In the article Social Media for Authors, we discussed how authors can use social media to build their platform. However, in light of recent events, we thought it was important to discuss how to prevent a social media downfall. On June 6th, 2020, author JK Rowling released a series of transphobic tweets, which resulted in a firestorm of cancellations from long time fans and everyone from Jonathan Van Ness to Daniel Radcliffe speaking out in opposition of her comments.
On Monday, Book Riot announced via Twitter that they would “no longer be covering her or any of her products” and instead provided a list of 50 LGBTQ fantasy must-reads.
In a response posted to her website yesterday, Rowling addressed her tweets and outlined her objectives for why she is “worried about the new trans activism.” It’s a lengthy essay and not something I personally agree with.
Yet there was one sentence in Rowling’s manifesto that caught my attention: “I forgot the first rule of Twitter – never, ever expect a nuanced conversation.” If we can learn one thing from Rowling’s activities, is that while social media is a great tool for authors, it can also be an instrument of destruction. Therefore, we’ve created a list of four guidelines to help authors use their social media to provide a personal, meaningful connection that doesn’t waste your time or blow back in your face.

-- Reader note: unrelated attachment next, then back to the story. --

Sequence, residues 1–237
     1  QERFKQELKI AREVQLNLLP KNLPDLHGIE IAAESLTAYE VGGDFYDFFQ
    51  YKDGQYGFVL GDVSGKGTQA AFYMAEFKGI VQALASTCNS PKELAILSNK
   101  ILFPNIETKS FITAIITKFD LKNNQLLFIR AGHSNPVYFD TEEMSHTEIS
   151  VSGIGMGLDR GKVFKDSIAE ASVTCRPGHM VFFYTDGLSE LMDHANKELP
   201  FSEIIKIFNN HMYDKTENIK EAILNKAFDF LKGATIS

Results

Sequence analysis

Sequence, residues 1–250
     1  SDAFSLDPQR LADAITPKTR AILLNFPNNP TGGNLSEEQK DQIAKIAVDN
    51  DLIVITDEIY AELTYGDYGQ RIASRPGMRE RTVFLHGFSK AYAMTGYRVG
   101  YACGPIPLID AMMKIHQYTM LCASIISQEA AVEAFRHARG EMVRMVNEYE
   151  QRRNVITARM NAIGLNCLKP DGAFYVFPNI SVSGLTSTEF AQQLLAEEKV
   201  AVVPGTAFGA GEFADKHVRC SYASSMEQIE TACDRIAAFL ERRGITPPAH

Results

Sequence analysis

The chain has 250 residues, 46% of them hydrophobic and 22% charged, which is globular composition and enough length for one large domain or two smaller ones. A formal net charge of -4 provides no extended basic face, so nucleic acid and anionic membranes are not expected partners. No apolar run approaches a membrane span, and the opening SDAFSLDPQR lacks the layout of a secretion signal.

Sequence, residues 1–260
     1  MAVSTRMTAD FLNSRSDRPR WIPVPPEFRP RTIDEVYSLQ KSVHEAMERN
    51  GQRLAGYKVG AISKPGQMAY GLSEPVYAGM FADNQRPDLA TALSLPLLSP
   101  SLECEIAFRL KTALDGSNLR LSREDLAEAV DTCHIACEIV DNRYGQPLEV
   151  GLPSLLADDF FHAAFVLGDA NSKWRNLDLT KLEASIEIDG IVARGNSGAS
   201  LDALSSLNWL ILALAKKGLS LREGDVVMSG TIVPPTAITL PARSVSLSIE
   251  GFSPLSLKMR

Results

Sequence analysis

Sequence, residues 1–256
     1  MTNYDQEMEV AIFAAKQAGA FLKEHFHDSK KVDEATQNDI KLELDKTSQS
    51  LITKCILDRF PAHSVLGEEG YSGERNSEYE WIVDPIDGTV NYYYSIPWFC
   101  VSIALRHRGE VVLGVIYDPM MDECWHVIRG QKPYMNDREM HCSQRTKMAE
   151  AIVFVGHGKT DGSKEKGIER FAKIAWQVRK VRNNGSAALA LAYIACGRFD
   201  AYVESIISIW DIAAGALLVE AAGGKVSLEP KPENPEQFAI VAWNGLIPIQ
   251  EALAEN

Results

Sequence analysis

DON’T BE A BIGOT
It sounds really easy, but in today’s society bigotry is running rampant. It begs the question, were people always this bigoted? Yes. But with the prevalence of social media, bigots have a larger platform than ever before. While not all authors reach the same stratosphere of fame as JK Rowling, many do become public figures. Becoming a public figure carries with it the expectation that you will address your community of followers on important issues. As Ben Parker once said, “with great power comes great responsibility.” Although it is not always necessary for authors to weigh in on every current event, you do want to be sensitive to the things that are happening in real time. And should you choose to comment, please have someone else–preferably your publicist–read it before hitting the tweet button.